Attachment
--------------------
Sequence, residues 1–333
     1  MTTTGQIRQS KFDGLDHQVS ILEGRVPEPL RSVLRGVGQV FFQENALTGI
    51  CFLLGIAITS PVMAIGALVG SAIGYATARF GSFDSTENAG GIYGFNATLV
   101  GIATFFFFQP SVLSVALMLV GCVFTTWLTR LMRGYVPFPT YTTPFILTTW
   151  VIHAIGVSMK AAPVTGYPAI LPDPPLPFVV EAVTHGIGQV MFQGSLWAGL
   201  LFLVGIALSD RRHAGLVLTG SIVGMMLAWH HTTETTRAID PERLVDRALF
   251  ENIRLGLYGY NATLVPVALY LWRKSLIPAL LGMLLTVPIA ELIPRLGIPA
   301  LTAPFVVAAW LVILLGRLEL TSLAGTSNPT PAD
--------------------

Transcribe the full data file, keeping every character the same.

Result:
Sequence, residues 1–333
     1  MTTTGQIRQS KFDGLDHQVS ILEGRVPEPL RSVLRGVGQV FFQENALTGI
    51  CFLLGIAITS PVMAIGALVG SAIGYATARF GSFDSTENAG GIYGFNATLV
   101  GIATFFFFQP SVLSVALMLV GCVFTTWLTR LMRGYVPFPT YTTPFILTTW
   151  VIHAIGVSMK AAPVTGYPAI LPDPPLPFVV EAVTHGIGQV MFQGSLWAGL
   201  LFLVGIALSD RRHAGLVLTG SIVGMMLAWH HTTETTRAID PERLVDRALF
   251  ENIRLGLYGY NATLVPVALY LWRKSLIPAL LGMLLTVPIA ELIPRLGIPA
   301  LTAPFVVAAW LVILLGRLEL TSLAGTSNPT PAD